Let's go over some of the examples Adabot and Mr. Joule use in the video. In order to calculate Joules, we can use one of two simple equations. The first one uses measurements of **force** in **newtons** and **distance** in **meters** …

Mr. Joule uses a force of **1** **newton** to lift an apple **1 meter. ** Therefore …

**1 newton x 1 meter = 1 joule**

and in order to lift 40 apples, he uses a force of 40 newtons …

**40 newtons x 1 meter = 40 joules**

The second equation we can use to calculate Joules uses measurements of Power in watts and time in seconds …

Mr. Joule explains that if we light a 3 watt LED for 3 seconds we've used 9 joules of work:

**3 watts x 3 seconds = 9 joules**

and if we light a 60 watt incandescent bulb for one hour:

**1 hour = 3600 seconds**

**60 watts x 3600 seconds = 216,000 joules**

and a more efficient LED light bulb which uses 12 watts could use less work to provide just as much light:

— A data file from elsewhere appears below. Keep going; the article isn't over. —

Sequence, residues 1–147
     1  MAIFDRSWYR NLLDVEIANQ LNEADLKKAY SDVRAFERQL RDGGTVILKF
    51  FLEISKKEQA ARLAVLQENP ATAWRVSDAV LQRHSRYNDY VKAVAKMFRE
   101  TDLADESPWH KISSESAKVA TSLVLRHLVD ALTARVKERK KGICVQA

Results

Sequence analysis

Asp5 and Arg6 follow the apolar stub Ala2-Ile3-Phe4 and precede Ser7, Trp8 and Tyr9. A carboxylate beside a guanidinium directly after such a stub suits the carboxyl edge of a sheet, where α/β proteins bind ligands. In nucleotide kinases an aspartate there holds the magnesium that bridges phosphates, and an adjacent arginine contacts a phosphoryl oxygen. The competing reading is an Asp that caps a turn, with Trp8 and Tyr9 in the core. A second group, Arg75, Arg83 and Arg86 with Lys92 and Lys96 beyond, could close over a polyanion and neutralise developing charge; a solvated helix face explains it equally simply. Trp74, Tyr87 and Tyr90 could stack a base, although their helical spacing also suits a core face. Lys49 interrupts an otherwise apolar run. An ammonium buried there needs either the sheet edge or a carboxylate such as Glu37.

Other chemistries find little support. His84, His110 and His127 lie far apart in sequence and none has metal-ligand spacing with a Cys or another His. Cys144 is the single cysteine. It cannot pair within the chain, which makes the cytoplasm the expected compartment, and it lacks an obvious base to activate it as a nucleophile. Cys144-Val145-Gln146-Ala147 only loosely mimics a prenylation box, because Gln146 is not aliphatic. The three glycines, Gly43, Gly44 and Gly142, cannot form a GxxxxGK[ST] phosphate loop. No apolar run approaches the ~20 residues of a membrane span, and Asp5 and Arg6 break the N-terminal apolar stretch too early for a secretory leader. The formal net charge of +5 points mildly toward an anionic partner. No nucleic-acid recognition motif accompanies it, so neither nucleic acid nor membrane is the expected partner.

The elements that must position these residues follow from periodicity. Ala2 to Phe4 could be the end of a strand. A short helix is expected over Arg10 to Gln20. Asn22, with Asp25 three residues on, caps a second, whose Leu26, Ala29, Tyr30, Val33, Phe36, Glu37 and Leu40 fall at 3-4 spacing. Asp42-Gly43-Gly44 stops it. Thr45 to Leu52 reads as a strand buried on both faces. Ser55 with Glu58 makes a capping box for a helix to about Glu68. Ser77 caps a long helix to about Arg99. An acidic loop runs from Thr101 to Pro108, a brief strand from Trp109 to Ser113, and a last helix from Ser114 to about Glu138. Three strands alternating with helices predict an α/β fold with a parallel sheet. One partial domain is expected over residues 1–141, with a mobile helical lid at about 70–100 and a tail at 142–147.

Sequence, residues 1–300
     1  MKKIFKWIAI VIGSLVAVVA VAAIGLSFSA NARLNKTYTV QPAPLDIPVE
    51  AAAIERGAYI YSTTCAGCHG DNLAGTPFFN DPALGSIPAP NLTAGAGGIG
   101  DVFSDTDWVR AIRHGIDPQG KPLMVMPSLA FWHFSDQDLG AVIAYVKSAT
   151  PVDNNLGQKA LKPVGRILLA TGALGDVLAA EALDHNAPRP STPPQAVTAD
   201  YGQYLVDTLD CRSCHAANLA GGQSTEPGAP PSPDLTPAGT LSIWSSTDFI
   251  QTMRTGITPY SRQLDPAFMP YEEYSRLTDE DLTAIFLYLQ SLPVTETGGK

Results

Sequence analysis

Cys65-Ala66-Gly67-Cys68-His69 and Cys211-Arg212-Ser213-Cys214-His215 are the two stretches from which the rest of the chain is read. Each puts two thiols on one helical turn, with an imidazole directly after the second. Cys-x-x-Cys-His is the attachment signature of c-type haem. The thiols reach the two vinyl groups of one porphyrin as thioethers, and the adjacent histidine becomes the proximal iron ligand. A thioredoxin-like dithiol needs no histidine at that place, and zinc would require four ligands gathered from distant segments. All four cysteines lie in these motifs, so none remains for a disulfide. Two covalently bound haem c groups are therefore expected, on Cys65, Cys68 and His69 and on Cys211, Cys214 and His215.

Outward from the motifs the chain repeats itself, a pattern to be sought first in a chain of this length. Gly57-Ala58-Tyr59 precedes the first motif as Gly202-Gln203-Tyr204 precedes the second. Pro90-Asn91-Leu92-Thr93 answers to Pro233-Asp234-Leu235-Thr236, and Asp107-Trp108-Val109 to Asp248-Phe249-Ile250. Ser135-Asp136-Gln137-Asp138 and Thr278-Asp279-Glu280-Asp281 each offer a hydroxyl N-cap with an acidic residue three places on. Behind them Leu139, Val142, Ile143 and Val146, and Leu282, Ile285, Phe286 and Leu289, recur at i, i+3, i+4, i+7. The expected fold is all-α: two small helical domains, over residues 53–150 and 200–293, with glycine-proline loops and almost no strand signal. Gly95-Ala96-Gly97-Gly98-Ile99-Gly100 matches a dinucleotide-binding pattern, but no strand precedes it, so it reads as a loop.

**12 watts x 3600 seconds = 43,200 joules**

If you know power & time, or force & distance - calculating joules is quite simple!

from Wikipedia

James Prescott Joule was an English physicist and brewer, born in Salford, Lancashire. Joule studied the nature of heat, and discovered its relationship to mechanical work. This led to the law of conservation of energy, which led to the development of the first law of thermodynamics. The SI derived unit of energy, the joule, is named after James Joule. He worked with Lord Kelvin to develop the absolute scale of temperature the kelvin. Joule also made observations of magnetostriction, and he found the relationship between the current through a resistor and the heat dissipated, which is now called Joule's first law.